‘Exercise Pill’ Irisin Appears To Be A Myth

Harold P. Erickson Ph.D. James B. Duke Professor, Department of Cell Biology Duke Univ. Med. Center Durham, NC  27710MedicalResearch.com Interview with:
Harold P. Erickson Ph.D.

James B. Duke Professor, Department of Cell Biology
Duke Univ. Med. Center Durham, NC  27710

MedicalResearch: What is the background for this study?

Dr. Erickson: In Jan 2012 a paper reported the discovery of irisin, a hormone reportedly lopped off a precursor in muscle and sent through the bloodstream to fat tissue, where it turned white fat into brown fat. Brown fat burns calories, and is what hibernating animals – and even human babies — use to keep warm. Turning on brown fat had exciting promise for obesity, diabetes, etc. Dozens of labs around the world jumped on the discovery and started trials in animals and humans of how irisin levels in blood were altered by exercise and a variety of metabolic challenges.

MedicalResearch: What are the main findings? Early reports.

Dr. Erickson: The follow-up studies from different labs reported a huge range of values for the level of irisin in blood, so they could not all be right. And most of them failed to find any significant effect of exercise. In 2013 two papers criticized the irisin study. A commentary article by Harold Erickson (Adipocyte 2:289-93) reported two substantial flaws in the original study. A research paper by S. Raschke, J. Eckel and colleagues (PloS one 8:e73680) concluded that humans did not make significant amount of irisin. The human gene for irisin has a deleterious mutation in the start codon, and Raschke et al showed that this reduced irisin expression to only 1% the level with the normal start. These two reports may have slowed new labs entering the field, but many groups already invested continued to publish.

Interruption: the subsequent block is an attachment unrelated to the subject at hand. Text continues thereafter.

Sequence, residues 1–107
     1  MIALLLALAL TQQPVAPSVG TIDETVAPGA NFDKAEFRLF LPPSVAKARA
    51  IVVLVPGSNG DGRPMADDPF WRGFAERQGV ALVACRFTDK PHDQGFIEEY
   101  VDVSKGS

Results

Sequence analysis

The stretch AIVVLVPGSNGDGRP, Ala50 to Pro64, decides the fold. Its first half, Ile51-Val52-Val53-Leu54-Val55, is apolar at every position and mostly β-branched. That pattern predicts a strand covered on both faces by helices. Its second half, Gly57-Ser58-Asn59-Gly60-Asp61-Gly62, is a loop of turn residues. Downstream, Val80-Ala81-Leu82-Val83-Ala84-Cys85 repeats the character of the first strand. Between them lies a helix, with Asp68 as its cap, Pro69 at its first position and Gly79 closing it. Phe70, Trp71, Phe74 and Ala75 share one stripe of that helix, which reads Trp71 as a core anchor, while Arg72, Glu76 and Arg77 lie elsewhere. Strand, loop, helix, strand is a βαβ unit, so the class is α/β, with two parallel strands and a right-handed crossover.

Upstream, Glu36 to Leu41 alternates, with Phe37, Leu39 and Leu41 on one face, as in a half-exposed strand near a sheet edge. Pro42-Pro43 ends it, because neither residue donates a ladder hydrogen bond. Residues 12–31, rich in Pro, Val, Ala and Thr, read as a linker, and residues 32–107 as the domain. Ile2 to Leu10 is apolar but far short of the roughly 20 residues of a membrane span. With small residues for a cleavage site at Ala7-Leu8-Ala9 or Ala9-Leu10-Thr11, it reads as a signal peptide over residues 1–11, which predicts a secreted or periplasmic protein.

MedicalResearch: What are the main findings? New study.

Dr. Erickson: The new study published in Scientific Reports (5:8889) investigated the commercial ELISA kits that most previous studies used to determine irisin levels in blood. These kits were all based on polyclonal antibodies, which had never been investigated for cross-reaction to non-specific blood proteins. The new study found that these antibodies failed to detect any band of the correct size for irisin in the blood from several animal species. Moreover, each antibody strongly stained a variety of non-specific blood proteins. The conclusion was that the ELISA kits used in multiple published studies were reporting levels of non-specific proteins, not irisin.

MedicalResearch: What should clinicians and patients take away from your report?

Dr. Erickson: Irisin was never near clinical application. The distant promise of its use in therapy, or as an “exercise pill” is now fading or gone.

MedicalResearch: What recommendations do you have for future research as a result of this study?

Dr. Erickson: The field really needs an assay validated to be specific for irisin, and hopefully very sensitive. If this confirmed that humans do not have irisin, as expected from the Raschke study, the field could quietly die.


Irisin – a myth rather than an exercise-inducible myokine
Elke Albrecht, Frode Norheim,Bernd Thiede, Torgeir Holen,Tomoo Ohashi,
Lisa Schering,Sindre Lee,Julia Brenmoehl, Selina Thomas,Christian A. Drevon,
Harold P. Erickson& Steffen Maak

Scientific Reports 5, Article number: 8889 doi:10.1038/srep08889
Published 09 March 2015

MedicalResearch.com Interview with:, & Harold P. Erickson Ph.D (2015). ‘Exercise Pill’ Irisin Appears To Be A Myth